In fact, the music is a crucial aspect of the series. It ties everything together, it is what drives and motivates the characters, not to mention it sounds exceptional. The musical performances (most of which are borrowed from the earlier live-action series) are true to the nature of the original classical pieces and yet infused with a songlike or cantabile (get the meaning of the title now?) quality. The result is nothing short of brilliance. In fact the quality and, so to speak, enjoyability of the music will likely inspire many to learn or listen to classical music. And as someone who used to play in a band in middle school and loved classical music, Nodame Cantabile has certainly revived my since dwindled interest in the genre and to the study of music in general. You know you have something special when a show is able to inspire or encourage you to do something meaningful in real life.
But as always, there are some parts of the series that could use improvement or could have been done better. One issue I had with the series was that the story may progress a little too quickly for some, with certain storylines perhaps not getting quite enough attention. And while the main characters are very well developed, it would have been great to see more development or back-story of some of the more minor characters. But considering how much material is covered in just 23 episodes, perhaps this is understandable. Speaking of which, even though the story at times moves along at a blistering pace, there are still a few moments when it does seem to drag just a little. The ending also seems a little sudden and abrupt, and while not ending in any sort of cliffhanger it certainly seems to imply that there is more to come. Finally, the watercolor-style animation, while initially impressive, soon loses some of its appeal. These are not major problems by any means, since the series is of such high quality in general.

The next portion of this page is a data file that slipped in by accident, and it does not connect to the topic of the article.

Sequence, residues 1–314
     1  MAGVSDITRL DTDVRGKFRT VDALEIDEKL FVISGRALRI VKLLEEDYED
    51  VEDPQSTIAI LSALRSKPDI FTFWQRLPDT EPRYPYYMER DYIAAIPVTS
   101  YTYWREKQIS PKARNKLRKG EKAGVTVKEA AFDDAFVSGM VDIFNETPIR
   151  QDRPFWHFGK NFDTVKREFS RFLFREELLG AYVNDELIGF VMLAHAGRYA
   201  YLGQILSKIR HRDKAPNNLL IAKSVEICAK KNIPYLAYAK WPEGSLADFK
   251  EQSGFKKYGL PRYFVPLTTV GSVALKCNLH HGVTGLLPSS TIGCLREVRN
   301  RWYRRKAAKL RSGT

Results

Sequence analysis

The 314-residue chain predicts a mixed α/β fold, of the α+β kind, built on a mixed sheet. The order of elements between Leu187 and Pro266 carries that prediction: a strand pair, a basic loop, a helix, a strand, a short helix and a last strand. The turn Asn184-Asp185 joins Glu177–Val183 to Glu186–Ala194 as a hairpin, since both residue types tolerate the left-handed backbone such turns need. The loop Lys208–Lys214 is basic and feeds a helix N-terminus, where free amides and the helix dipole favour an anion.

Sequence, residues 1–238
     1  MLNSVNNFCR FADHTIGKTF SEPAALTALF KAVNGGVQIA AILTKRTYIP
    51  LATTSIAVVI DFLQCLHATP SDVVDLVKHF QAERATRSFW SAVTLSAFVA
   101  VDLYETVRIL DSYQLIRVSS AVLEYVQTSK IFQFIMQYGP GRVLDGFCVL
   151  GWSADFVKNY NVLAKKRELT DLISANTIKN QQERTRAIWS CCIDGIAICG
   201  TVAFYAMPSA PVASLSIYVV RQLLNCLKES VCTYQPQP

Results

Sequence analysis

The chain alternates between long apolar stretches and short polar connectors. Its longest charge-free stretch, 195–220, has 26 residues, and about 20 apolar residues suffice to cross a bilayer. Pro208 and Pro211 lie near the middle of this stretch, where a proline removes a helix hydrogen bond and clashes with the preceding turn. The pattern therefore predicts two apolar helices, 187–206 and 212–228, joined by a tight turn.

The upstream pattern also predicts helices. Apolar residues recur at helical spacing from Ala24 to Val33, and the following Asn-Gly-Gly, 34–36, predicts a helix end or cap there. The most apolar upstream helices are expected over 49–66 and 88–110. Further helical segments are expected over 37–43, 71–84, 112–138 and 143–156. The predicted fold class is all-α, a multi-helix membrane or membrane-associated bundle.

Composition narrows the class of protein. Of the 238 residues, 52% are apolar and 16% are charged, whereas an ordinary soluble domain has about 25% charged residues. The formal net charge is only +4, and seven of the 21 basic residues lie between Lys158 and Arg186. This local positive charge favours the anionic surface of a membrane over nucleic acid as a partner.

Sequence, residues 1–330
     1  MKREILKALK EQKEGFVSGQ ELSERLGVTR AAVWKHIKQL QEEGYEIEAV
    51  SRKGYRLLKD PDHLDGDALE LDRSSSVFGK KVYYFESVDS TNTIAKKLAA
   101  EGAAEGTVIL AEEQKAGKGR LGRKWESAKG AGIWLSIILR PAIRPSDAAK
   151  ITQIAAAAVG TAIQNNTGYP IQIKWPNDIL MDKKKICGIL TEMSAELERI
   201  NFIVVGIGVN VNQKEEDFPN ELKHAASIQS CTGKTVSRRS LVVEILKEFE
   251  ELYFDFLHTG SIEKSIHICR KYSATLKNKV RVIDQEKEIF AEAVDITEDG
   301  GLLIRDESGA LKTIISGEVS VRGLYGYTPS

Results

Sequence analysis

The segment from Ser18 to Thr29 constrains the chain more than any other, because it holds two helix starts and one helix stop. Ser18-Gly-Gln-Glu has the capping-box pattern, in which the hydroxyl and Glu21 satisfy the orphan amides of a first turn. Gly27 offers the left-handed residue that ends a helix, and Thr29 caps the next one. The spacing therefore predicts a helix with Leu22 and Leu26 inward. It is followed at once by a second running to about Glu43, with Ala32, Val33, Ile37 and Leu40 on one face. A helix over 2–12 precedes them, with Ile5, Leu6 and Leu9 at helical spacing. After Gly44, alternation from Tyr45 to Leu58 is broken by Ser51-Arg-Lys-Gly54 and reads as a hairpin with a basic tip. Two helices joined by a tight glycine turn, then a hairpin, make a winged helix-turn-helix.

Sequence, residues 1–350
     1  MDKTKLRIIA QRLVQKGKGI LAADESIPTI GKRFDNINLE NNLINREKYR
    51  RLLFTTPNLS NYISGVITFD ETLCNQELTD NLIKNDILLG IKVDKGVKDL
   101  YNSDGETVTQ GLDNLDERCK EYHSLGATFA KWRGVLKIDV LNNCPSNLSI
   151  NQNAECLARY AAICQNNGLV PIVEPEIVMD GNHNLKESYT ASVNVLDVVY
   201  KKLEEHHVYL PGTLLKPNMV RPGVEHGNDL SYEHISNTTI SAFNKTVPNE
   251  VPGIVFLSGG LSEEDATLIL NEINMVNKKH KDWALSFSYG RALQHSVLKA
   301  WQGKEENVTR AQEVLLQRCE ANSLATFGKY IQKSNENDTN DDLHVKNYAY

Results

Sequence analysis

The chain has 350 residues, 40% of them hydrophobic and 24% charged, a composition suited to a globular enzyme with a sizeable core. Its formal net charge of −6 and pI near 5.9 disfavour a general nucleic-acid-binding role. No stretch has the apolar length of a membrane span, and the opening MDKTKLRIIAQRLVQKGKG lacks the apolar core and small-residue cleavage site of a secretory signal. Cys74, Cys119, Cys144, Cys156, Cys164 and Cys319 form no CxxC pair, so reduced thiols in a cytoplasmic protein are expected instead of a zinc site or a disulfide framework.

Overall, Nodame Cantabile is an enjoyable, charming, and meaningful look into the world of music as well as the nature of love, relationships, and life in general. I highly recommend it for anyone looking for something that is funny but meaningful, and relaxing but charismatic. Whether you’re a fan of romantic comedy, a classical music buff, or just someone who wants to sit down and watch a few random episodes without having to commit, this is the anime for you. So go ahead, take the Nodame Cantabile challenge. I bet you can’t watch just one.
Miscellanies: Cantabile is a musical term which means “songlike” or “singable”, which in the context of the show refers to the playing of instruments to imitate the human voice.
The series aired on Fuji TV from January to June of 2007 as well as various other Japanese TV stations. It was shown in widescreen format with both a standard and high-definition definition version (the HD version usually aired after the standard version was aired).
The opening theme “Allegro Cantabile” and the second ending “Sagittarius” is performed by SUEMITSU & THE SUEMITH (a solo project headed by artist Suemitsu Atsushi) while the first ending theme, “Konna ni Chikaku de” is performed by Crystal Kay.
The group responsible for much of the classical performances heard in the series is performed by a group called the “Nodame Orchestra”, which consists of members specially selected for the live action drama, including members from the Tokyo Metropolitan Symphony Orchestra.
The anime TV series is based on the manga, of the same title, created by Tomoko Ninomiya which has past 17 volumes in Japan. An 11-episode live action TV series also aired prior to the anime in 2006. The manga has been licensed by Del Ray for distribution in North America. As it stands, the anime remains unlicensed.